C'est la Vie is a 1966 Charlie Morgan 34.

Her home port is Everglades City, FL. Our typical cruising area is Southwest Florida, the Florida Keys, the Southeastern Atlantic Seaboard, and the Bahamas. We are C'est la Vie's third owners and purchased her in 2005. We continue to maintain and update this classic vessel. Please post any questions or comments about C'est la Vie or our travels via the comment links below.

Monday, July 1, 2013

Taste the Water!

“Taste the water!” My immediate reply to Anne’s excited cries of, “the bilge pump is running, the cabin sole is wet, the bilge is full of water!”

While focused on setting anchor in Cooper River before the next thunderstorm washed over us, Anne and I both heard the sound.  Anne described it as the splat from a bag of pasta falling to the floor.  I thought it was a paperback book striking flat on the cabin sole.  I went below to search out the origin of the sound, but my hasty scan yielded no culprit.  We both returned our attention to the dark bruise of a thunderstorm blotting out an ever growing portion of the southern sky.

Agreeing on a spot mid channel in 11 feet of dark brown tannic water, we fell into our well-rehearsed roles for anchoring C’est la Vie.  Anne took the helm and I went forward.  Everything seemed normal… anchor slipped off the deck, under my hands the windlass fed out chain, Anne reversed the boat to set the hook,  Anne silences the engine and begins recording the data on our days travels, I rig the anchor bridle.  The routine derailed when Anne informed me the bilge pump cycled on.  Typically C’est la Vie is a very dry boat and the bilge pump rarely runs.  After a nearly a week of on and off rains, I figured some water had found its way inside and wandered on down to the bilge.  I do not recall my exact words, but I’m sure the sentiment was, “Thanks for the update on the bilge pump it is nothing to worry about.”

Anne slipped below and began to discover other oddities.  The bilge pump continued to run.  The cabin sole was wet.  She lifted a floor board and found standing water.  “Taste the water!” was my urgent reply to her alarmed cry for assistance.

For those unfamiliar with life aboard a boat… when living in/on a floating object there are two distinctly different types of flooding.   One: the gut wrenching, find the source or the boat will sink type of flooding where the hull is breached below the water line.  In this scenario salt water will continue to fill the boat until the hole is found and patched or the boat sinks.  Second:  Much less traumatic is the bummer we just lost our drinking, cooking, bathing fresh water due to a plumbing failure.   The fastest method of discerning the type of leak is… to taste the water.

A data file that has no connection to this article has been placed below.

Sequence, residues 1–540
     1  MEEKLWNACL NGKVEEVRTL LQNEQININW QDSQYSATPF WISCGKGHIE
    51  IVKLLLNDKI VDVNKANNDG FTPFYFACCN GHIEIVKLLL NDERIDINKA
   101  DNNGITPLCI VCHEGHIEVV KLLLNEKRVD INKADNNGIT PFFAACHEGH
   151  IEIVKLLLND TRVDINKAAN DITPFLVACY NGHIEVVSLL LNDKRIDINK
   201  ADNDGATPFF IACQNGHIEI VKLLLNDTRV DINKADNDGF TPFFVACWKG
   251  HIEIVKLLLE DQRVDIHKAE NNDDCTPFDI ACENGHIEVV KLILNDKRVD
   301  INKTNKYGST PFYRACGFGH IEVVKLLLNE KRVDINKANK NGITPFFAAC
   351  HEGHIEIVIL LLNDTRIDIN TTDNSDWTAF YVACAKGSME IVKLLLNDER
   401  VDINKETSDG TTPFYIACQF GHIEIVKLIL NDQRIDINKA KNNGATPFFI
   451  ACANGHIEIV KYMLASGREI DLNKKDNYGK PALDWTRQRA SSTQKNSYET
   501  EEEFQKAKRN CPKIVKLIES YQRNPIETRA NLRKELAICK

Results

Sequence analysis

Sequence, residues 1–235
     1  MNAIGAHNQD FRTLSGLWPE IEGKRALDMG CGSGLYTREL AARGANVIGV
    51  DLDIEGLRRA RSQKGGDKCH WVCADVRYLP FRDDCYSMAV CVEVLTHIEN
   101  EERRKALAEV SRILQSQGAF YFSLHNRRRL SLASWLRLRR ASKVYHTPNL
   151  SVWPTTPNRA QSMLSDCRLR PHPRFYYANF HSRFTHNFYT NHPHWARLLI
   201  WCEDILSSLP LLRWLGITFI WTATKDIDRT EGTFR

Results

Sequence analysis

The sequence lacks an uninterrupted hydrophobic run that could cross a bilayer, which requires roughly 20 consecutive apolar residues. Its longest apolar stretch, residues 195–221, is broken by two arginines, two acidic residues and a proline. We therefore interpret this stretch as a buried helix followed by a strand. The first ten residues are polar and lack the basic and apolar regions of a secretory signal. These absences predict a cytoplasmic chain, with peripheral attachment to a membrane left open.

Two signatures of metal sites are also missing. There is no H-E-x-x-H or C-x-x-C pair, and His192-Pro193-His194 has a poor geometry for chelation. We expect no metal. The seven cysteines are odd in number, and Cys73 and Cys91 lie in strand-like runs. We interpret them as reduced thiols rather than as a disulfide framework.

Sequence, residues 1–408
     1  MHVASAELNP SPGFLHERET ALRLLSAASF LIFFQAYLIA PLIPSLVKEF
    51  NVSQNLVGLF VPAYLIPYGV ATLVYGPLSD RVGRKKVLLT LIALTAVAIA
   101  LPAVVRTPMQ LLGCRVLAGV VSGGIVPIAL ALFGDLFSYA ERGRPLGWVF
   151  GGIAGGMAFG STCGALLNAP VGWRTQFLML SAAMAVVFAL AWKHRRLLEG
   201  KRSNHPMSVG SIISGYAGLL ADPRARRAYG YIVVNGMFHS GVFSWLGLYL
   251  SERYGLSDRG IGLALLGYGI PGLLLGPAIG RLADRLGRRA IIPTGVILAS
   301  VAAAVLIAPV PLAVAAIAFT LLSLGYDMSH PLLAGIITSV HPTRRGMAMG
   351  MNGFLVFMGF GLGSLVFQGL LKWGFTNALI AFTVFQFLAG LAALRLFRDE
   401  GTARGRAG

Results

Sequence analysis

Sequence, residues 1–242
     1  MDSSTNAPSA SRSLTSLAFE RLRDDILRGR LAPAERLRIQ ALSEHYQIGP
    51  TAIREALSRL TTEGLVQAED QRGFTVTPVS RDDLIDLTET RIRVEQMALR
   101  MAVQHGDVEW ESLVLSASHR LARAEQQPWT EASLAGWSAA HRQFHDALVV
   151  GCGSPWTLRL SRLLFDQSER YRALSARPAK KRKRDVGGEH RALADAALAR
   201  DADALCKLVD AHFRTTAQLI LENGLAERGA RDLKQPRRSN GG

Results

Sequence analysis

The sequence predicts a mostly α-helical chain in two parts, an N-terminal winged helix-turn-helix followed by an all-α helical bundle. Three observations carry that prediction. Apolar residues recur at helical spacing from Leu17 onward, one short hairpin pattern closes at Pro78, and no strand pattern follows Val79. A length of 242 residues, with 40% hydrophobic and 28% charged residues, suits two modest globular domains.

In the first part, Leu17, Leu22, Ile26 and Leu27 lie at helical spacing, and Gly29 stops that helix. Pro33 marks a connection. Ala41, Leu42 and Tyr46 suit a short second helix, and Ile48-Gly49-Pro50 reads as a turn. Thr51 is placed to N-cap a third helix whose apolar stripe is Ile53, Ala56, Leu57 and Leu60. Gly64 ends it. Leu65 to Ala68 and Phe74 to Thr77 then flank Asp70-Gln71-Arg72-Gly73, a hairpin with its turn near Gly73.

My hand darted into the bilge and back to my mouth.  Fresh.  Whew, I tasted fresh water.  I rushed forward into a locker under the vee berth and closed the valve just downstream of the freshwater tank.  Unless the tank itself had failed this would stop additional water from leaking into the bilge.

Anne cleaning the bilges after the flood.
Anne followed the water up until she discovered warm water in the locker under the port side settee seats.  Warm water, port side my detective, plumber brain sifted the facts.  Donning a head lamp I scurried over the counter top to inspect the hot water heater.  Here I discovered the proverbial smoking gun.  The source of the leak and the unidentified noise heard on approach to the anchorage – the outlet hose on the hot water heater failed.  Anne focused on the cleanup, while I repaired the plumbing.   Within an hour the cabin returned to normal and our pressure water system was back on line.  Based on our estimates we lost 10 to 12 gallons of water.  Fortunately we carry an additional 10 gallons in jerry cans.  This isolated reserve water proven it value on multiple occasions.

This episode reinforced two best practices on board:  First, don’t’ put all your eggs in one basket.  Always carry additional potable water separate from the primary tank.  Second, turn off the vessel’s pressure water system if everyone departs the boat.  If we had not been on the boat to turn off the breaker for the fresh water pump, then the system would have pumped the entire contents of fresh water tank into the bilge.

Oh, and that thunderstorm looming to the south? It dissipated over Savannah providing us with only a brief shower. 

All is well that ends well.

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